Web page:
MATERIALITY BACKGROUND PAPER FOR <IR>

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1 MATERIALITY BACKGROUND PAPER FOR <IR> 1

2 MATERIALITY BACKGROUND PAPER FOR <IR> The Technical Task Force of the International Integrated Reporting Council (IIRC) established a Technical Collaboration Group (TCG) to prepare this Background Paper for <IR>. The TCG was coordinated by the lead organization with input from participants from a range of disciplines and countries. This paper reflects the collective views of TCG participants, not necessarily those of their organizations or the IIRC. The IIRC considered interim findings from the TCG when preparing the Prototype Framework released in November 2012, and is further considering this paper in developing a Consultation Draft of the International Integrated Reporting (<IR>) Framework. This paper provides background information that will assist stakeholders when responding to the Consultation Draft. The IIRC gratefully acknowledges the contributions made by the following in the drafting of this Background Paper for <IR>: LEAD ORGANIZATION American Institute of Certified Public Accountants (AICPA) PROJECT TEAM Desiré J. Carroll, AICPA Amy R. Pawlicki, AICPA Beth A. Schneider, IIRC (Deloitte & Touche LLP) STEERING GROUP Nicolette Behncke, PricewaterhouseCoopers AG (Germany) Bastian Buck, Global Reporting Initiative Michael Bray, KPMG (Australia) Jonathon Hanks, Incite Sustainability (South Africa) Eric J. Hespenheide, Deloitte & Touche LLP (U.S.) Mark Hoffman, KPMG (South Africa) Steve Lydenberg, Initiative for Responsible Investment, Hauser Center at Harvard University Benjamin L. Miller, Ernst & Young LLP (Canada) Yoichi Mori, Japanese Institute of Certified Public Accountants Alexandre Nakamaru, Natura (Brazil) Jeremy Nicholls, The SROI Network Jason Perks, DNV Two Tomorrows Leigh Roberts, South African Institute of Chartered Accountants Alan Teixeira, International Accounting Standards Board Copyright March 2013 by the International Integrated Reporting Council. All rights reserved. Permission is granted to make copies of this work to achieve maximum exposure provided that each copy bears the following credit line: Copyright March 2013 by the International Integrated Reporting Council. All rights reserved. Used with permission of the International Integrated Reporting Council. Permission is granted to make copies of this work to achieve maximum exposure. ISSN:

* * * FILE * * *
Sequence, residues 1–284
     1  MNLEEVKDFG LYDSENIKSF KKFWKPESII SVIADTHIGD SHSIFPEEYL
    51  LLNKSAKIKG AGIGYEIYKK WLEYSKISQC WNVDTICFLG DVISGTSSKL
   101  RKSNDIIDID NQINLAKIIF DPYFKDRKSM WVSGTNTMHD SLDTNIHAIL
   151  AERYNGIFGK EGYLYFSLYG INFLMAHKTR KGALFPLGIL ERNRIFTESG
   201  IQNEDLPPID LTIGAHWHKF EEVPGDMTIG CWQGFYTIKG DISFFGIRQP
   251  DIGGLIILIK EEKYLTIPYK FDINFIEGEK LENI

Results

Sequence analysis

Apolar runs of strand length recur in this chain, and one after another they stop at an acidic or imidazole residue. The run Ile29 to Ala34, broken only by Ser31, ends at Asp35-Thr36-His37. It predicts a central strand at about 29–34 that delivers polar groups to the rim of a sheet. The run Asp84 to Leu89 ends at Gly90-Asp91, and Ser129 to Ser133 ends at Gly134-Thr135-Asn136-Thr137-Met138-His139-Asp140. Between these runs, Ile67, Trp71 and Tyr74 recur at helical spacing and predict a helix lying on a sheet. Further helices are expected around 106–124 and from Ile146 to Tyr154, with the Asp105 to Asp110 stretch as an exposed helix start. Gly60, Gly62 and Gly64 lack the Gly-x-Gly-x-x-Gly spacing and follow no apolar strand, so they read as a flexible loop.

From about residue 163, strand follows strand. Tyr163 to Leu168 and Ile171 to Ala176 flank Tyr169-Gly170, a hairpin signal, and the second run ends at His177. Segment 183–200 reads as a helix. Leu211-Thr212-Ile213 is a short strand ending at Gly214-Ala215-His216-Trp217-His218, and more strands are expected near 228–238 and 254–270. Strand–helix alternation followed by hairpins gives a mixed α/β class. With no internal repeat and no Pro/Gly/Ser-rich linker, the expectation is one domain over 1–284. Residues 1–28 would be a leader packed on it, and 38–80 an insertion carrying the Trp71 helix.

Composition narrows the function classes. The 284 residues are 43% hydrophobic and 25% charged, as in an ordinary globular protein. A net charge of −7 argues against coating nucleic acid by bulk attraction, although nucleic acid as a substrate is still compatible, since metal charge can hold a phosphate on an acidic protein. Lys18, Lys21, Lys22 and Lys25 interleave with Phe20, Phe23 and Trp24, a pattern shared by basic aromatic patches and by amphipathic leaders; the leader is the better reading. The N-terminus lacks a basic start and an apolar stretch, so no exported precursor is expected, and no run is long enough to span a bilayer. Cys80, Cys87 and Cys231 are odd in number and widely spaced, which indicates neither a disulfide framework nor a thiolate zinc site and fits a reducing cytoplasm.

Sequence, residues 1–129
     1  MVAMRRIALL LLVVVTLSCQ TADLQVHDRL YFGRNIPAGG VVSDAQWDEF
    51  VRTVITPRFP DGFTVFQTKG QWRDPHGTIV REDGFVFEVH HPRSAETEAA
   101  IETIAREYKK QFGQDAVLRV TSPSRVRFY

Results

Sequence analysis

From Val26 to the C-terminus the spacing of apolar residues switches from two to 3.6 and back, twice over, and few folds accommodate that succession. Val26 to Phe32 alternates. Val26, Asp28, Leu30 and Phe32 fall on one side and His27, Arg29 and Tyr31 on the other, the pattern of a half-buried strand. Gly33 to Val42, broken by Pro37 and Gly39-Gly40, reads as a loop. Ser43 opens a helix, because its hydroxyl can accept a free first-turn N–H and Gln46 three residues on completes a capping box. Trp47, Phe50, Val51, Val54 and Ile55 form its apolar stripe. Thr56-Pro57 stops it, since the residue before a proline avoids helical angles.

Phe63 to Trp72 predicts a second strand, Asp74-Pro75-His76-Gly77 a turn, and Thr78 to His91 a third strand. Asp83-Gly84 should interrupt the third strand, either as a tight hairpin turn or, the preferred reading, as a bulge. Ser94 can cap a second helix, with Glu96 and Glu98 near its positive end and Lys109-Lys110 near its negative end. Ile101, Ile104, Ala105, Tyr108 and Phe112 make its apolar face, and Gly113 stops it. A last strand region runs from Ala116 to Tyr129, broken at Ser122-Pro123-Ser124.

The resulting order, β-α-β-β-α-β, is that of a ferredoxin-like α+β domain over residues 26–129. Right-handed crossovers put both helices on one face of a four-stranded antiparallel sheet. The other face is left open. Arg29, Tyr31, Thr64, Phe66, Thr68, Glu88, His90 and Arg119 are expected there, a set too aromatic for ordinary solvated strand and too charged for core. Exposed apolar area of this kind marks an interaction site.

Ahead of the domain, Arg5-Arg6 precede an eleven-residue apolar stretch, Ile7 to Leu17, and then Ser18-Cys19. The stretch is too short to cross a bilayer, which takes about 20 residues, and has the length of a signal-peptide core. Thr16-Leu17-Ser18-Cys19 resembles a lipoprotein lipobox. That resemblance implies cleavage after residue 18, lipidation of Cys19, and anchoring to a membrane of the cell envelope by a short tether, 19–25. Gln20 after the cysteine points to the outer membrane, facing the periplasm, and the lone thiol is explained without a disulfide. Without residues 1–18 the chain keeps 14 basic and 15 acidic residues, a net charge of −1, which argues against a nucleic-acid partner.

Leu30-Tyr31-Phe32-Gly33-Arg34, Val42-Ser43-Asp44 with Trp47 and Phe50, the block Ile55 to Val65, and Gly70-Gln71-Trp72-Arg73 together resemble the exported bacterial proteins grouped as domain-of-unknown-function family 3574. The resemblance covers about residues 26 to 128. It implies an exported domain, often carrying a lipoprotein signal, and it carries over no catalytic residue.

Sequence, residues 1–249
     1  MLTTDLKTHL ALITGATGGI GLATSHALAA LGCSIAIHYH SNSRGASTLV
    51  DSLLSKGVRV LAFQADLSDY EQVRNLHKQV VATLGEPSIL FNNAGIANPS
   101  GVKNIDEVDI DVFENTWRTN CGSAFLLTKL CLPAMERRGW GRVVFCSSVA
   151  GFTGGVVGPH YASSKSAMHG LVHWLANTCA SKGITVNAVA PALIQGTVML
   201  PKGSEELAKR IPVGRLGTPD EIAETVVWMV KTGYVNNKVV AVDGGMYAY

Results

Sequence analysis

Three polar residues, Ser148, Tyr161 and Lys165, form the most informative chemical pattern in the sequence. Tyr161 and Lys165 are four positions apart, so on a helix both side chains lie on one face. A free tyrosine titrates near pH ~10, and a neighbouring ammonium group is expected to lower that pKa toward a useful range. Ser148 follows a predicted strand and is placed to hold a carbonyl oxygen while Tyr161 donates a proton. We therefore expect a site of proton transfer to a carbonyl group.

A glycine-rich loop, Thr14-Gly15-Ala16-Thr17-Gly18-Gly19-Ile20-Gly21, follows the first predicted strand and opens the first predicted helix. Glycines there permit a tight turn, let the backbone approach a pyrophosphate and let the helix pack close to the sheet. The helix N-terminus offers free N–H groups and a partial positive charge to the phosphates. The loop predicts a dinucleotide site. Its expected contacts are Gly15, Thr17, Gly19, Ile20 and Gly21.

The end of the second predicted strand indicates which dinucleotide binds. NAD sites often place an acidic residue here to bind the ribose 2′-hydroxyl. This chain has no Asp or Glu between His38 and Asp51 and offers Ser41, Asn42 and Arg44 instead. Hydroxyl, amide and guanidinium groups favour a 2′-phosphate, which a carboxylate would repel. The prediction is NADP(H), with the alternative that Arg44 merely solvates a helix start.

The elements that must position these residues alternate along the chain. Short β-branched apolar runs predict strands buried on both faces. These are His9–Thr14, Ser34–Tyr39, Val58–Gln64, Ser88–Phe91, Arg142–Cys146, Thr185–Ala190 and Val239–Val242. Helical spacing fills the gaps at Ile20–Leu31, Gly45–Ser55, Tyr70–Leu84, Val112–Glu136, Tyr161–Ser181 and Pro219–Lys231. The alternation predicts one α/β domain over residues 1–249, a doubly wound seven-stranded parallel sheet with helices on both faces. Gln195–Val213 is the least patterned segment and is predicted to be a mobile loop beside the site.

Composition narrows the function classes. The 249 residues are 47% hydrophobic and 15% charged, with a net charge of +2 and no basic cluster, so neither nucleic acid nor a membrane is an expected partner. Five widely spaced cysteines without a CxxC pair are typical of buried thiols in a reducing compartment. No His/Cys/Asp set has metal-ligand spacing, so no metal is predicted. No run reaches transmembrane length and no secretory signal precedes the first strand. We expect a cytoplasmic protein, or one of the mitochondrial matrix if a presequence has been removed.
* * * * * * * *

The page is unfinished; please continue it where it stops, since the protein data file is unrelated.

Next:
3 CONTENTS 1 Background and overview 1 Context for the definition 1 Intended users of integrated reports 2 Definition of materiality 2 Importance of materiality 2 The materiality determination process 2 Those responsible for the process 2 Application of the <IR> materiality determination process 3 Relevance 4 Importance 8 Prioritization of material matters 9 Disclosure 9 Disclosure of material matters in the integrated report 10 Conciseness 10 Disclosure of the <IR> materiality determination process 11 Potential constraints or challenges in the current environment 13 Appendices 13 Appendix 1 Guidance: stakeholder engagement 14 Appendix 2 Examples of disclosures of material matters 15 Appendix 3 Examples of disclosures of the <IR> materiality process 16 Appendix 4 Materiality definitions considered 17 Appendix 5 References